How To Make Mobility Happen in a Global Housing Crisis 05.26.2022 | Shân Norman

The world was already experiencing an acute housing shortage, but the global market is only getting tighter by the day.  The war in Ukraine, global shipping and supply chain issues, and the precarious reawakening of economies post-pandemic is wreaking havoc on construction and building materials, causing rapid price increases while housing supplies shrink. Inflation is creeping towards double digits in many countries, driven by the energy crisis.

Over the past few months, the resurgence of business-initiated moves has contributed to dramatic surges in demand for housing and our supply chain partners and Destination Service Providers are raising the alarm.

Several hot markets have very limited temporary housing options, most international schools have long waitlists, and some regions are suffering limited goods and services, including cleaning and renovations.  Some of the hardest-hit regions include Singapore, Germany, Ireland, The Netherlands, and the UK.  Ukrainian refugees have absorbed much of the capacity in neighbouring countries (Germany and Poland, in particular) and peak summer volume is likely to further exacerbate the challenges.

The best way around the housing hurdle is great preparation. Here are some of our top recommendations to help you plan accordingly, minimize negative employee experiences, and avoid disappointment among business partners depending on mobility.

How you can support your Assignees and Transferees:
  • Support mobility counselors with a unified voice. While conducting internal planning and initiation calls, acknowledge and alert business partners and your employees that the current global housing market is challenging.
  • Authorizations should include longer lead times to initiate the start of assignment to allow time to secure housing.
  • Provide documentation of salary (Letter of Assignment/Employment Letter) immediately upon authorization, so that your employees can carry this information with them as they visit locations.
  • Review Housing Budgets on a more frequent basis (quarterly or monthly) with data providers AND validate with local HR. Be ready to approve exceptions quickly.
  • In the tightest markets, expect shorter lease terms and rental increases during the term of the assignment. Allow for housing budgets to be revisited throughout the assignment, as guaranteed monthly rental fee for the duration of the assignment is no longer a given.
  • Be flexible on the number of days provided for Temp Housing and don’t delay authorizing an extension if your employees are struggling to find permanent housing.
  • Be open to alternative housing options until permanent housing is available. It may be possible, depending on any given market, to use longer-term, extended stay hotels, and co-living which includes private rooms with en-suite bathroom and shower, but shared kitchen and living space.
  • Be open to employees temporarily living in second-tier cities and working hybrid, part-time, from a home office.
  • Consider “sight unseen” short-term rentals for a minimum of 4-6 months, or possibly longer, and extendable for up to 1 year or more. Photos and videos can be made available, but the employee will not have the option to preview the property in person.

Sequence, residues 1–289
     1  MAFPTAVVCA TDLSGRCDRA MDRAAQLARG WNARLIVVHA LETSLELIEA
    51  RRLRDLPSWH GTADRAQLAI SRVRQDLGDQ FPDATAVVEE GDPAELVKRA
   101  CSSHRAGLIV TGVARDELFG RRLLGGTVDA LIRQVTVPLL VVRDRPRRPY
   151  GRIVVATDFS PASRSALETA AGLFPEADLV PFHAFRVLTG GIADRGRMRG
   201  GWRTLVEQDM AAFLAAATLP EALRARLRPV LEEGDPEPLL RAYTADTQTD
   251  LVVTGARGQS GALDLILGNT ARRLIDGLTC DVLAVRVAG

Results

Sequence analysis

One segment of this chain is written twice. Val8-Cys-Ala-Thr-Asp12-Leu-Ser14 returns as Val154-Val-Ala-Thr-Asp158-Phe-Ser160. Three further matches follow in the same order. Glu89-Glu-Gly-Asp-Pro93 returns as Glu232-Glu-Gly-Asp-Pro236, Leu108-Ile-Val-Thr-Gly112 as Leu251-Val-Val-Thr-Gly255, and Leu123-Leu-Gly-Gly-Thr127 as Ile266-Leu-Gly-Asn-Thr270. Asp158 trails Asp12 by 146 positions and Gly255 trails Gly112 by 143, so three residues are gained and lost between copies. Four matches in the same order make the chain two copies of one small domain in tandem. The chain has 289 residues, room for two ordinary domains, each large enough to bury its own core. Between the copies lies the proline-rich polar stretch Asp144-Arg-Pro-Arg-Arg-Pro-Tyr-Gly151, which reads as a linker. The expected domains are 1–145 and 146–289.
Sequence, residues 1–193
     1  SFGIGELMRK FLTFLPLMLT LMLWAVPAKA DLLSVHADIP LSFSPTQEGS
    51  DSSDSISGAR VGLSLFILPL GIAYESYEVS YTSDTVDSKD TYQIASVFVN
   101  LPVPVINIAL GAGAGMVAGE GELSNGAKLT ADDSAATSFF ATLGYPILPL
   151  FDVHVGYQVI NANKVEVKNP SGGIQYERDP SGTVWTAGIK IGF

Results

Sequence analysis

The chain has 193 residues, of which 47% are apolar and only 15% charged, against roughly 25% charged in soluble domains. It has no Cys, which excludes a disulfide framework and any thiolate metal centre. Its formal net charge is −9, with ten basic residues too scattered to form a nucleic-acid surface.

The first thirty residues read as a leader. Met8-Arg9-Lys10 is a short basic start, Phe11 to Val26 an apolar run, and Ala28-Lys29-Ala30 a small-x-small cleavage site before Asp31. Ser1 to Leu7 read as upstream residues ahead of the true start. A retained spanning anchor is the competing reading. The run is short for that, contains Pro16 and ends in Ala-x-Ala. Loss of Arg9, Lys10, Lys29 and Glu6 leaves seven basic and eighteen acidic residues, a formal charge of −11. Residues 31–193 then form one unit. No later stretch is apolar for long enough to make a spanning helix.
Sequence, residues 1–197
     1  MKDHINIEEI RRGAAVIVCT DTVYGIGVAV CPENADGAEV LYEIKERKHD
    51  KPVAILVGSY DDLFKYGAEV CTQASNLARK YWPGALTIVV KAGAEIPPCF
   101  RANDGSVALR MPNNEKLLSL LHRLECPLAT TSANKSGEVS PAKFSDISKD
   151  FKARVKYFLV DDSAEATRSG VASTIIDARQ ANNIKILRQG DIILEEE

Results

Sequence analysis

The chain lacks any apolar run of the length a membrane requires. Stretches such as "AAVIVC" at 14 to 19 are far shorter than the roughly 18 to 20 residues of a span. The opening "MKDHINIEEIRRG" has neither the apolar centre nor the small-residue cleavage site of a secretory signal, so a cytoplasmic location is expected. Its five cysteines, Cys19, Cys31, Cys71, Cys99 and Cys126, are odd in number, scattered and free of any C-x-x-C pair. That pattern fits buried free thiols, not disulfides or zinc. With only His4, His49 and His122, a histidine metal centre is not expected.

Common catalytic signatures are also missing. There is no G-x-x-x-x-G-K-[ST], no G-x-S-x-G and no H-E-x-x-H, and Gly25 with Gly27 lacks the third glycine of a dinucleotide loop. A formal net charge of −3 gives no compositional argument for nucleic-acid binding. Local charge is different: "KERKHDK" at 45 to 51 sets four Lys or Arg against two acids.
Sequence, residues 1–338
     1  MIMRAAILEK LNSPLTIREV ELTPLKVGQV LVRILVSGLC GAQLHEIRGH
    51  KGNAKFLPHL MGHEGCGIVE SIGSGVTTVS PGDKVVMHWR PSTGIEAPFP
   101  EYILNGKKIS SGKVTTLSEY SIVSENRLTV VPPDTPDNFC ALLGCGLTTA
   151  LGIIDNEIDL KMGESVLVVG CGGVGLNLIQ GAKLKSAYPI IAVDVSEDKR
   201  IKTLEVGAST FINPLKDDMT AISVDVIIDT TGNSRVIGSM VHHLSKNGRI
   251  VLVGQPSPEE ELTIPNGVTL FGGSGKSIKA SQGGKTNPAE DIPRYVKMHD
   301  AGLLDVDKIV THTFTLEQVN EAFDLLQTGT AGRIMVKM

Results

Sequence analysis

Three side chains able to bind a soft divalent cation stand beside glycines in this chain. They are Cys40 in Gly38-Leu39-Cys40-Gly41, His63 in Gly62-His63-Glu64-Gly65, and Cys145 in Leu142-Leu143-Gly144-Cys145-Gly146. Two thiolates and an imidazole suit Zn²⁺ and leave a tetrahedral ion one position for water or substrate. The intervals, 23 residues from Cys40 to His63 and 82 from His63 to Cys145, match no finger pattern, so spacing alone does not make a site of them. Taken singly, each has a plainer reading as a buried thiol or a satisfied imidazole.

• Evaluate where group moves or significant volume into one location take place and research investing in apartment “blocks” exclusively for assignment needs. Note that this solution requires companies to consider vacancy risk and services required, and takes a few months to implement.
Tips for Assignees and Transferees navigating tight housing markets:
  • Start virtual home searches early, to get an idea of types of properties available in any given market.
  • If virtual tours are not possible, prioritize home search immediately upon arrival.
  • Expect rapid changes in availability.
  • If suitable housing is found, secure it right away, even if it means an extra 2 months’ rent. At the very least, weigh this option against typically more costly long term stays in a hotel or corporate housing.
  • Decide quickly (quick = on the spot or within a few hours, not a few days).
  • Be ready with your deposit; same day and on the spot is not unusual.
  • Save “wish lists” for improvements for after securing the unit with a deposit, signed agreement, or both and keep them to a minimum.
  • Bring proof of employment, base salary, and funds for a deposit on the property visits.

For non-essential moves, consider interim virtual assignments, unaccompanied short-term assignments and/or extended business trips/commuter assignments.   As the market eases up, the family can join under less stressful conditions and experience a smoother, calmer transition.

Remember that you’re not in this alone. Weichert can be instrumental in supporting these recommendations, helping to speed up the process of securing appropriate housing even within the most challenging markets. For more guidance on overcoming the global housing crisis with minimal impact to your program and the employee experience, talk to us!


Editor’s Note: In speaking with partner providers in The Netherlands, Germany, United Kingdom, Ireland, Singapore, and Hong Kong, the feedback was unanimous: Airbnb and similar sharing economy solutions cannot be universally endorsed due to inconsistent quality control, safety and security concerns, and local restrictions on lengths of stay. 

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Written by Shân Norman

As Weichert’s Regional Vice President EMEA, Shân has over three decades of experience in global mobility, having lived and worked in the UK, Belgium, Hong Kong and the US. Shân is our leading source for mobility trends impacting programs across Europe, the Middle East, and Africa.

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